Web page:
Yaacov Papo was born in Jerusalem in 1864. His family had arrived there from Bulgaria in 1826. The name "Papo" in Hebrew is an acronym of "Pnei Elohim Peer Vehadar" (the face of God is lorry and elegance). Yaacov Papo attended the "Alliance" School in Jerusalem and the Mikve Yisrael Agricultural School and then was sent to study mechanical engineering in Paris.
On his return to Israel, he worked in digging wells and in 1887, he settled in Rishon Le Zion. Here, he was given the job of building the newly-established Rishon Le Zion winery and installing the machinery. He introduced methods unknown before in Israel – steam power for sawing, drilling and machining processes. Work at the winery necessitated bringing heavy, complicated loads from the Jaffa port to Rishon Le Zion in the very difficult conditions of the time: unpaved roads and almost no motorized transport. Papo put together a special steel cart for this purpose, pulled by ten horses.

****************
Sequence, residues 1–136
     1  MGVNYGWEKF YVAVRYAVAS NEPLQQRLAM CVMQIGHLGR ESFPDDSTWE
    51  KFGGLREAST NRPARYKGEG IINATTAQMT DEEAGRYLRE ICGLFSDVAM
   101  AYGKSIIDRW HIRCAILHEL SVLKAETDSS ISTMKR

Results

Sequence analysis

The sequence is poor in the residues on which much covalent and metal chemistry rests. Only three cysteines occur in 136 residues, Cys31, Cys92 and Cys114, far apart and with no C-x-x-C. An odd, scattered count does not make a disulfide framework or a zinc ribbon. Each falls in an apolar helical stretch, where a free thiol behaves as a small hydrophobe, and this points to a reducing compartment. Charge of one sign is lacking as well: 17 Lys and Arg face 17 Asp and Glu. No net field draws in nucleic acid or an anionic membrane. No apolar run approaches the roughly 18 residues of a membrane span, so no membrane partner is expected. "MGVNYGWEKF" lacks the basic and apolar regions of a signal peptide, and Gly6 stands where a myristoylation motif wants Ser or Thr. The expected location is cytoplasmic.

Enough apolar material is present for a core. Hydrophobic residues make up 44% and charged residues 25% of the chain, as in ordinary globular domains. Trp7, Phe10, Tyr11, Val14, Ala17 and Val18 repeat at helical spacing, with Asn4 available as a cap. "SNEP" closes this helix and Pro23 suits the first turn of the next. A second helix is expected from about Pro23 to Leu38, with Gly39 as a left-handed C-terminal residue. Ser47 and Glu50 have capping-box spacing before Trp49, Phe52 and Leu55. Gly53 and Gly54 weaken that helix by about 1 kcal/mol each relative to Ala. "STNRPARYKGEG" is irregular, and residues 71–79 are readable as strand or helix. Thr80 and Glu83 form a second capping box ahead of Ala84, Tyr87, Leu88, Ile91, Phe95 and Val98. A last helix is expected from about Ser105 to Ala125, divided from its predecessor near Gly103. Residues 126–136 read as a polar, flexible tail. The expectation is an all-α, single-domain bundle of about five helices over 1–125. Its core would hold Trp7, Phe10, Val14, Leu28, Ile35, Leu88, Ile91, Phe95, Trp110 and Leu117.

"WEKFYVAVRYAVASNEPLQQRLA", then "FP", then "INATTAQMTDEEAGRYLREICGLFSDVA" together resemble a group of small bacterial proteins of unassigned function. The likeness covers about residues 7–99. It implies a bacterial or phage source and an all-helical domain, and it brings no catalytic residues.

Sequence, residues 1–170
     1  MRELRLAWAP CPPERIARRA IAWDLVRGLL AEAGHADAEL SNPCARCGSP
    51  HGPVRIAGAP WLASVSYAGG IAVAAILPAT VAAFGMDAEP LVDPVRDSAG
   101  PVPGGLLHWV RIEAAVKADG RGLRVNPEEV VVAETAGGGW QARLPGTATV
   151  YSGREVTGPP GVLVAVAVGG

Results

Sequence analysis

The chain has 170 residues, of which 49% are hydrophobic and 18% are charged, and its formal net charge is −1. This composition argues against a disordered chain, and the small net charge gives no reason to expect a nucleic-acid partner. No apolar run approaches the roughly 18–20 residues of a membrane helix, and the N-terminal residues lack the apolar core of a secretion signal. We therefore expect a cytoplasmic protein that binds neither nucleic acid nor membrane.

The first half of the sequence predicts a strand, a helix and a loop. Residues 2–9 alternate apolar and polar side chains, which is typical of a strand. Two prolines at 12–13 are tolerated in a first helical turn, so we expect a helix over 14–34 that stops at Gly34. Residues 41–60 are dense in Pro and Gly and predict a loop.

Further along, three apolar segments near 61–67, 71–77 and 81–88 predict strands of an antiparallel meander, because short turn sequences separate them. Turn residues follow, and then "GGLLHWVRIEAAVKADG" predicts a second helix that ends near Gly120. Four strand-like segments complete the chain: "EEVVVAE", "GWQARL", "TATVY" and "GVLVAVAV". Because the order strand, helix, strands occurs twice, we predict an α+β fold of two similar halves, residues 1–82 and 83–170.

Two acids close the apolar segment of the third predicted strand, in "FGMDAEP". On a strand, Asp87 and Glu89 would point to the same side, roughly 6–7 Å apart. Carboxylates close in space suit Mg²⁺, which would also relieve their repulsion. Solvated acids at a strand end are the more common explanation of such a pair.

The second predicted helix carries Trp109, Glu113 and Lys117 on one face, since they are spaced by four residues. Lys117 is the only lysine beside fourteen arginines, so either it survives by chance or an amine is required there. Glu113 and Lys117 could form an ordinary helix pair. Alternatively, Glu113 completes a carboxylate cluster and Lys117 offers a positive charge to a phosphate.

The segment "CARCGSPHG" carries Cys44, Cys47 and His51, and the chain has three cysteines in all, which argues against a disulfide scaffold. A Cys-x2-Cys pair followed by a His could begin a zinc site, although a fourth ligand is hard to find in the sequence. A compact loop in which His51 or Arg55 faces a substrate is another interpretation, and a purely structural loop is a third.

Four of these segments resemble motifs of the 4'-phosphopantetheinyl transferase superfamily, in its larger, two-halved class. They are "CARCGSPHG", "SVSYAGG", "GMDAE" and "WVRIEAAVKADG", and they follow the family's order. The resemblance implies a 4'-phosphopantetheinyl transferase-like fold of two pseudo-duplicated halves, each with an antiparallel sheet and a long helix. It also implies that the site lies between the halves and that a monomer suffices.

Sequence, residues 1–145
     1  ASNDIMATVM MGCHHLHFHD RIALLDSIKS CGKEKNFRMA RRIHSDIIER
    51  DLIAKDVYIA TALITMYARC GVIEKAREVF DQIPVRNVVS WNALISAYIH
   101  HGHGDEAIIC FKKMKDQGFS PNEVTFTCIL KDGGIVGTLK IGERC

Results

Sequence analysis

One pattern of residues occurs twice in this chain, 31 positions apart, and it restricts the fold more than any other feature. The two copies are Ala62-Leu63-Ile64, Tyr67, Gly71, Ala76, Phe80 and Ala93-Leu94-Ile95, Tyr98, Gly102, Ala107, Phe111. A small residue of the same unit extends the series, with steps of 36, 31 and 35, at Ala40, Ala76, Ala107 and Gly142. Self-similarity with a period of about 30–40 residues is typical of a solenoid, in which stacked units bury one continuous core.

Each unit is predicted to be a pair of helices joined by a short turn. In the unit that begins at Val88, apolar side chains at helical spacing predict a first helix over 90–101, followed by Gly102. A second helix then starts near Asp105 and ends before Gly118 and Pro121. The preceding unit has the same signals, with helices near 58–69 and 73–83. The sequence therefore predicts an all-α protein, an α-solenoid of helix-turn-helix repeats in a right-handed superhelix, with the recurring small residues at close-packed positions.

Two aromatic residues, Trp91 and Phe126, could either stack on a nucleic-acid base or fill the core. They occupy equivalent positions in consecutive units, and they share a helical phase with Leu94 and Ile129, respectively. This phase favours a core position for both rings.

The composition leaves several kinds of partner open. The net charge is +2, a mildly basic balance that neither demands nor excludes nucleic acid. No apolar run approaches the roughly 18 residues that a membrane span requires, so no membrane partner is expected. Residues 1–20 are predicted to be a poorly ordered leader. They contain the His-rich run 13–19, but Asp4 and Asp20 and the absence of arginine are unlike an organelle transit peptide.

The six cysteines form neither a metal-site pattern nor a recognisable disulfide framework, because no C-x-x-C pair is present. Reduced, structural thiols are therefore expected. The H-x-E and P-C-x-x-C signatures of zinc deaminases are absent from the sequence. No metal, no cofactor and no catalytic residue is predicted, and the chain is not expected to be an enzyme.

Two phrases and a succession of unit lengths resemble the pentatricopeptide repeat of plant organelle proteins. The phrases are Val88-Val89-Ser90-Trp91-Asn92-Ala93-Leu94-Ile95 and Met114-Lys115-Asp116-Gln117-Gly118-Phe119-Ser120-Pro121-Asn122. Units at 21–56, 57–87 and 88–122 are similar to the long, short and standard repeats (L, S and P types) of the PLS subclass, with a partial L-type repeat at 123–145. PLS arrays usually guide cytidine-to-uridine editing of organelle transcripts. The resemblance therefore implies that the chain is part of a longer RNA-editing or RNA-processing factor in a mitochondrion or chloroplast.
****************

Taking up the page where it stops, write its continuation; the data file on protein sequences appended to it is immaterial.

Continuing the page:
Yaacov Papo installed the first steam machine (Locomobile) and, for more than a decade, installed all the machines and engines. The well he dug for the winery supplied water for half of the new Jewish settlement. He also installed the first dynamo for the production of electricity and the first internal telephone at the winery.
Yaacov Papo was appointed chief mechanic of the winery and set up a workshop for maintenance of all the mechanical equipment. By preparing the work tools and parts in Israel, he created a source of employment and professional training for many Hebrew workers. Later on he developed a method of using steam emitted from the machines for other means of production. His professional activities extended beyond Rishon Le Zion to Petach Tikva where he installed steel equipment to pump drinking water and at Mikve Israel was involved in finding ways to drill artesian wells. He was also the first to introduce engine-powered mechanical well-drilling equipment.
In 1904 Yaacov Papo left Rishon Le Zion and moved to Jaffa where he founded his own workshop. Tragically, one of the machines in his workshop caused him a injury and he later died of gangrene as a result of the accident.